This Industry Viewpoint was contributed by Adam Alevy, Vice President of Technology for Laird PLC’s Infrastructure Antenna Systems group
With travelers, students, car buyers, homeowners and workers wanting – no, demanding – Wi-Fi in their hotels, campuses, automobiles, homes and businesses, is it far-fetched to believe sports fans will want the same in their sports venues in the very near future?
More than 110 sports and entertainment venues currently are being built or proposed for construction around the globe over the next few years. So, smart architects and stadium designers should be casting their eyes towards the future to create the “connected stadium,” which will enhance the fan experience and generate greater revenue opportunities for venue operators.
Consumers worldwide are using their smart devices to digitally interact with members of their go-to social channels, and sharing LIVE action video and photos with friends.
But, today, when 50,000-to-80,000 people start using their smart phones and tablets in high-density environments under one roof – places like stadiums and arenas — their hopes of being able to “connect” and “share” are quickly dashed because available bandwidth falls far short of the demand.
As mobility continues to grow, this issue will eventually impact soccer, football, and baseball stadiums, cricket grounds, basketball arenas, race tracks, and even large amphitheaters around the globe.
Future Fan Experience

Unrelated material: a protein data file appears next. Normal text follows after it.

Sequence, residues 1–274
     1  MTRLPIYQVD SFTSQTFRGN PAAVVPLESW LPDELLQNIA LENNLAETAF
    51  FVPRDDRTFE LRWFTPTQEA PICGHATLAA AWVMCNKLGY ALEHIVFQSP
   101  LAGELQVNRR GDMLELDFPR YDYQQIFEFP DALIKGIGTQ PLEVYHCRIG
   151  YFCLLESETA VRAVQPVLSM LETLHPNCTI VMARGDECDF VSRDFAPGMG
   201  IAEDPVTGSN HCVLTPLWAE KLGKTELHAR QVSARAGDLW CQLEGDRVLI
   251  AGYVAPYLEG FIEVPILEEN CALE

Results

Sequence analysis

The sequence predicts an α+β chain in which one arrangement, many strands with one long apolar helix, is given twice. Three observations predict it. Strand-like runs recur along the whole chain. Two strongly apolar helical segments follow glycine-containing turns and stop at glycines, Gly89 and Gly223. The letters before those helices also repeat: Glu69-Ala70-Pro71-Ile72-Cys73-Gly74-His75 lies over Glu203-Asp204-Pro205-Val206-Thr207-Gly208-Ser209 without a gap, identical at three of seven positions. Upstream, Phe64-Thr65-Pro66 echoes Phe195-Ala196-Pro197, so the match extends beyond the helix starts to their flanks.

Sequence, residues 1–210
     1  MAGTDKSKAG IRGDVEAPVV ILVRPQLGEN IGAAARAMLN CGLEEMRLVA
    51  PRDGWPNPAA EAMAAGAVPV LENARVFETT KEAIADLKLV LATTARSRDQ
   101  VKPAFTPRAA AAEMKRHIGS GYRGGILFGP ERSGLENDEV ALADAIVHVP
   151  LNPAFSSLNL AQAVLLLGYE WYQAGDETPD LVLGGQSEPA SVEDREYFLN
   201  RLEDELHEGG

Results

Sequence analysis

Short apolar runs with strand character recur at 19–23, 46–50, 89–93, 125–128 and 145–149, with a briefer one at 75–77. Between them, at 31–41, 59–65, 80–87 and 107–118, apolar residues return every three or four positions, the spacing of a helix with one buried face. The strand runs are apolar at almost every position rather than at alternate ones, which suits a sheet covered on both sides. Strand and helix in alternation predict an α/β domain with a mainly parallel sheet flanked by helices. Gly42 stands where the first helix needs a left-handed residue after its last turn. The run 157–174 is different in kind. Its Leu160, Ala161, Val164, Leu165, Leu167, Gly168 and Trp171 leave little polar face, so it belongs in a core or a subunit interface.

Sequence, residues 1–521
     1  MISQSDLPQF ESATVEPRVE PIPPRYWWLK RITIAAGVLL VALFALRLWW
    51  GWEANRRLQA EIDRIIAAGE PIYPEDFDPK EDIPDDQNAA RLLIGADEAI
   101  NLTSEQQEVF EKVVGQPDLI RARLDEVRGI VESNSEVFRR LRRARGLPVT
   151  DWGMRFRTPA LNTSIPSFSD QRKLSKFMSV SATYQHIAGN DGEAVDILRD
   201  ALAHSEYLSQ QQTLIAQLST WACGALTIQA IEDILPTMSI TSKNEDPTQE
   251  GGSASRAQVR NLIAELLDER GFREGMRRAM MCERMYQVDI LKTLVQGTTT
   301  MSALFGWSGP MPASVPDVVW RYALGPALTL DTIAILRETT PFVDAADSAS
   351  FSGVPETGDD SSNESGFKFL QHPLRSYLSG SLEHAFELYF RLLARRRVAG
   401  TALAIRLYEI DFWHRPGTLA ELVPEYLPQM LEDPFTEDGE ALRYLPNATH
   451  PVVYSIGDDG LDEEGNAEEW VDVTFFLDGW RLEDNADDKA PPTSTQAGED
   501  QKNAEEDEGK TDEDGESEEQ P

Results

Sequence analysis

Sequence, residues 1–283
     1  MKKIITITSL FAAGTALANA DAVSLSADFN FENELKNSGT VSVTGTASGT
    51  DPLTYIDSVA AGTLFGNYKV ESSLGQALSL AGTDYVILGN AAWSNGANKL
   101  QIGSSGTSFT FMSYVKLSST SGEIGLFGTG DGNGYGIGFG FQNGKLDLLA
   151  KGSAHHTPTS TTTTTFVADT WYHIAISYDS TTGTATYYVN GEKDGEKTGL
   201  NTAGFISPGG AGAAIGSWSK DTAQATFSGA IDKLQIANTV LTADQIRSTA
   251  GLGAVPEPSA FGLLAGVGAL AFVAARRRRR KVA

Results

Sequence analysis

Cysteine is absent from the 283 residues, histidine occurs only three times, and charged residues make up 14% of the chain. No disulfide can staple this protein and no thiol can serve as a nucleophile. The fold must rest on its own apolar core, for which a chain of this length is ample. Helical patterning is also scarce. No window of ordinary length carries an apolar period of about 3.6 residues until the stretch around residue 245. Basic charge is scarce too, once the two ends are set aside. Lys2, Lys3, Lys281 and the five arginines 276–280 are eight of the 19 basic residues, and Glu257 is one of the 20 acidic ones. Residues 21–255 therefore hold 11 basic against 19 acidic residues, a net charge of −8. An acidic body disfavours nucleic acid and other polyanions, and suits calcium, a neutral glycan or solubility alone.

In sports venues, future fans can expect in-hand and streamlined access to instant replays, an immersive half-time entertainment experience, and even real-time voting on the Play or Player of the Game, or the “Man of the Match,” all through their smart devices.
The connected stadium also involves the streamlined and regular provisioning of video content, which should be part of the future value proposition provided by stadium administrators. The venue administrators also can wirelessly update scoreboards and other stadium signage for fans through a robust antenna system.
A vital part of attending a large sporting event or concert nowadays is the ability for the spectator to share their experience with the outside world via social media platforms such as Facebook, Twitter, Instagram, Tumblr and YouTube. (It’s safe to assume that social networking will continue to play an important part in the future of the connected stadium, and could potentially even carve out a role in sports programming and brand management.)